Yeah - they'd sooner sit on their backsides , smoking Embassy Regal, drinking Stella and watching daytime TV than go out to work.Anyone who's read a few editions of Viz comic knows how folk in the North East live.
I think there was a genuine issue, in towns like Redcar, of some young men having, and being encouraged to have, unrealistic attitudes and expectations which harmed their work prospects. The previous availability of well-paid work which did not require academic qualifications and could be taken up by school leavers had left its mark, which lingered after those jobs went away. There was a problem of a significant number of boys leaving school at 16 aspiring towards the jobs their fathers and grandfathers had done, and nothing else. They would not take the jobs that were available with their qualifications because those were regarded as women's work (retail, light industry, office, etc) , but then were resentful that 'the lasses got all the jobs'. They could not get the better-paid jobs which were available as those required post-school qualifications, which they were not pursuing, and regarded with scorn. The consequences of their typically having less money than their female counterparts, the distinct opposite of the traditional basis of local youth culture, led to more resentment as well as to insecure relationships.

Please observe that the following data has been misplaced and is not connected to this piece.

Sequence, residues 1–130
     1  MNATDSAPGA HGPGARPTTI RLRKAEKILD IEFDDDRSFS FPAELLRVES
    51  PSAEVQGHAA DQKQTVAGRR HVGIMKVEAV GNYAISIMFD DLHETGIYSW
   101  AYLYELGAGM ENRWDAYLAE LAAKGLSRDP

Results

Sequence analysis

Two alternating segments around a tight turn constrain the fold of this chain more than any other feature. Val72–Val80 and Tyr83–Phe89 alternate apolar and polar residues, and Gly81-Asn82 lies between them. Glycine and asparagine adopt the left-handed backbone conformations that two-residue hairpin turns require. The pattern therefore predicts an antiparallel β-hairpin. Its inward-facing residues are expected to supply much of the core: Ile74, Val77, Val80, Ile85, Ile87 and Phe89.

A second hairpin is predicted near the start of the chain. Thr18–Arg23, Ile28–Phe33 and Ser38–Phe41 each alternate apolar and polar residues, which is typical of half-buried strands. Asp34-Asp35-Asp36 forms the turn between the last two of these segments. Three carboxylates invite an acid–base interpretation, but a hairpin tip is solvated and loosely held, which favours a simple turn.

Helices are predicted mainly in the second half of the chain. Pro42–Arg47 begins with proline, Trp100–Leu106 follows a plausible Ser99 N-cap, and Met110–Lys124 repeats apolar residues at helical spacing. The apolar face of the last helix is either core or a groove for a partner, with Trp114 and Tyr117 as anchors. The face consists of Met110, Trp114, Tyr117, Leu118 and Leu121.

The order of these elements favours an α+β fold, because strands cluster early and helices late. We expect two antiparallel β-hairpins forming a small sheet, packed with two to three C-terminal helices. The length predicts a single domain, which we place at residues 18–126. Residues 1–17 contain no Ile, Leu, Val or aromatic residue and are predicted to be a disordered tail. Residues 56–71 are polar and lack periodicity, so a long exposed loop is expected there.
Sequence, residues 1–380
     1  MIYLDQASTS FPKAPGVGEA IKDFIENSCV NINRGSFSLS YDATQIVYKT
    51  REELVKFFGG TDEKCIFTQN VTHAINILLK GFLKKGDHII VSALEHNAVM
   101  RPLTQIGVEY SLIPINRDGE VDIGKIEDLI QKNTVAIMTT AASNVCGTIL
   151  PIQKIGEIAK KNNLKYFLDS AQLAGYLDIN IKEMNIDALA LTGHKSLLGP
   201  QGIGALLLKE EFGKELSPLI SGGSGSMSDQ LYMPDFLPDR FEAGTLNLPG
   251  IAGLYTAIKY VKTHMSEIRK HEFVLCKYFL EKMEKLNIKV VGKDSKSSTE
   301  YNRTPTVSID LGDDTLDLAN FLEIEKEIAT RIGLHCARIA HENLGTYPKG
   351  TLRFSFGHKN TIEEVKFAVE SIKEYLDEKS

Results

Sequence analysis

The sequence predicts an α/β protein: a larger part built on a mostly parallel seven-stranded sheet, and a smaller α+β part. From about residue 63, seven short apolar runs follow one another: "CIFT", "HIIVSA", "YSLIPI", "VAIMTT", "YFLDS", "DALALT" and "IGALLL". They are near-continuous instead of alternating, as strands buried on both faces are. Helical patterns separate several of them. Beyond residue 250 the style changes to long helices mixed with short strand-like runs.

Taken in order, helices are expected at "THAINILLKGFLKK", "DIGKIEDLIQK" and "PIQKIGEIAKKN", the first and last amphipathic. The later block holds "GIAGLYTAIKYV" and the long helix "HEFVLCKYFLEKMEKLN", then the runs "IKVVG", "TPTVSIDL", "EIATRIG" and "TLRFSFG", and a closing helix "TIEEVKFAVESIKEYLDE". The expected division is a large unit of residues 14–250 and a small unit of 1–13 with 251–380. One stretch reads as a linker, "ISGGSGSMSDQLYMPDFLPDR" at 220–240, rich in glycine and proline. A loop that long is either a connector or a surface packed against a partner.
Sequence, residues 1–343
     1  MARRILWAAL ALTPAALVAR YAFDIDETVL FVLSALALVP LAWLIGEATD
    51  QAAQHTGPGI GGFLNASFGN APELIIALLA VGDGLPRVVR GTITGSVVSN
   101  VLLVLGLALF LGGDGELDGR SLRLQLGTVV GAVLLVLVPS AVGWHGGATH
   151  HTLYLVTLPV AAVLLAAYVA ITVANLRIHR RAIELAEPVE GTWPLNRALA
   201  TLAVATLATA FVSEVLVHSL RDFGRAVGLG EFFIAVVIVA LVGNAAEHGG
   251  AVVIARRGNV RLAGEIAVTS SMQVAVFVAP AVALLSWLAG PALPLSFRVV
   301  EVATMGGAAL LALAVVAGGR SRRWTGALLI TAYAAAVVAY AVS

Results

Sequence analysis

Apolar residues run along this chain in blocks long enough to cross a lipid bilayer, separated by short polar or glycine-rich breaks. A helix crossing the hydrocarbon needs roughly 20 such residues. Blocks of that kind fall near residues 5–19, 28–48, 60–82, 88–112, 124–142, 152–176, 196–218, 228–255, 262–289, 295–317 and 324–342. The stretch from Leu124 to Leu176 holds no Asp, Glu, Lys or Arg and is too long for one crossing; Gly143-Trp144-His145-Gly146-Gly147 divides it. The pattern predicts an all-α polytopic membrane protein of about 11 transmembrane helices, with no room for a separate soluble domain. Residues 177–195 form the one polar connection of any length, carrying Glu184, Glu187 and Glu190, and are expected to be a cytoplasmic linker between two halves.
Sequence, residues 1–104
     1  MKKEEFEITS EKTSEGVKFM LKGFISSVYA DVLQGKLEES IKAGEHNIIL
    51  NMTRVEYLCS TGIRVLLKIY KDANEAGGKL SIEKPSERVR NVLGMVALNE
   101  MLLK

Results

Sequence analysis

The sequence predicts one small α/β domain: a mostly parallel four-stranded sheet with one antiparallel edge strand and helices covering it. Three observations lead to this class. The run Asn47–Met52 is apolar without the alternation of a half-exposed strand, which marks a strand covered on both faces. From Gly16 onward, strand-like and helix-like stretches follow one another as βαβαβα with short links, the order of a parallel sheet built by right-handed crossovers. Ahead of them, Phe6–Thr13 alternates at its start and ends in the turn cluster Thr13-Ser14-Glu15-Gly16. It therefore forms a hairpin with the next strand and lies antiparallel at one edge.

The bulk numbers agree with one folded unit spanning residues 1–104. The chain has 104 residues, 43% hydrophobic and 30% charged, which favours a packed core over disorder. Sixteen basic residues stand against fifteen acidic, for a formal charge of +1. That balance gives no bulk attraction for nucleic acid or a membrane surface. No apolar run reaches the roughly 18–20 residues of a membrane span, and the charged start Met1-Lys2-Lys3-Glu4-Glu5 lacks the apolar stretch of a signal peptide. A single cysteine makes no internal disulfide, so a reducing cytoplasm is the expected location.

I vividly recall, in Redcar in the 1990's, having to rescue my stepson from his grandfather angrily berating him for still being in school at 16. At first I was just incredulous then felt I really should intervene as my father in law became increasingly heated and critical of his grandson for "thinking you're so posh ... still at school ... should be out at work..." (etc, etc). He was not alone in holding such attitudes and it is not wholly surprising that they had some influence.